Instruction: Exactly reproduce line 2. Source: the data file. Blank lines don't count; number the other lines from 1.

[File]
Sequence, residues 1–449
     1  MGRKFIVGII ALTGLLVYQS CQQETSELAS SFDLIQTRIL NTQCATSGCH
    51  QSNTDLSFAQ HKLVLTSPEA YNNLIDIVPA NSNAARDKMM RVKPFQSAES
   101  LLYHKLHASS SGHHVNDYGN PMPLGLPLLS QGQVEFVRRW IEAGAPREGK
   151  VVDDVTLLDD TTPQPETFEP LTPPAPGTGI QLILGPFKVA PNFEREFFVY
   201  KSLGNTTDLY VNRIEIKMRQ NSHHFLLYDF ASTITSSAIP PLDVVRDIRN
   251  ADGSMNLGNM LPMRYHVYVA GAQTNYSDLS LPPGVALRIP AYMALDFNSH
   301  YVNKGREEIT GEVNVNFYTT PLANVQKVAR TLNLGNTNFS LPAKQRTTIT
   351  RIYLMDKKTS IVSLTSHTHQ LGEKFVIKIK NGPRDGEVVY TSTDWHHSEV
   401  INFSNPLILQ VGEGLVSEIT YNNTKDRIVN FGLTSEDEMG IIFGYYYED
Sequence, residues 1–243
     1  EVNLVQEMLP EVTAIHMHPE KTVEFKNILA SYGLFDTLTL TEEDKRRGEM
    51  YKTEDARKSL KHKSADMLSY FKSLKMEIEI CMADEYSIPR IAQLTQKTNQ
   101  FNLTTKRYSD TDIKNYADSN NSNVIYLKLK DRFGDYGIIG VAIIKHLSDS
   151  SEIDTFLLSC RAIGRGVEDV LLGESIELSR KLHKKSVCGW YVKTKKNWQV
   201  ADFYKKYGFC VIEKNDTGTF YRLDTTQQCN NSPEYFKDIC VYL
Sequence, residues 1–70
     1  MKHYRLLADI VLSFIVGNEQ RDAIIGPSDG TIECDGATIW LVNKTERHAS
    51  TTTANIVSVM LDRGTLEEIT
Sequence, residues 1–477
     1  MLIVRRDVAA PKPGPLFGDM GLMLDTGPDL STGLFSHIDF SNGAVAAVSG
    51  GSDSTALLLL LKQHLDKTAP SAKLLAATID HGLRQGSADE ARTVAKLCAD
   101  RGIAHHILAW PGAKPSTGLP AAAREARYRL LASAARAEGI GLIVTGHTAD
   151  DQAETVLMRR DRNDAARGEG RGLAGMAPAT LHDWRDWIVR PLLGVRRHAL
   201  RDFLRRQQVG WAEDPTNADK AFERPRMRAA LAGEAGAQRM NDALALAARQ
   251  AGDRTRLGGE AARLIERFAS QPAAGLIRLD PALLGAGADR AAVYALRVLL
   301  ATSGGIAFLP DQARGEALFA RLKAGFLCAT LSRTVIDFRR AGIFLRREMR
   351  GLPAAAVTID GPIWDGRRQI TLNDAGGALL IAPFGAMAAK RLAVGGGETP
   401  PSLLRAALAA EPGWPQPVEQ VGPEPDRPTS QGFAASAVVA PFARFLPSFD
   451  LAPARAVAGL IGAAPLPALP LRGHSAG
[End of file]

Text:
     1  MGRKFIVGII ALTGLLVYQS CQQETSELAS SFDLIQTRIL NTQCATSGCH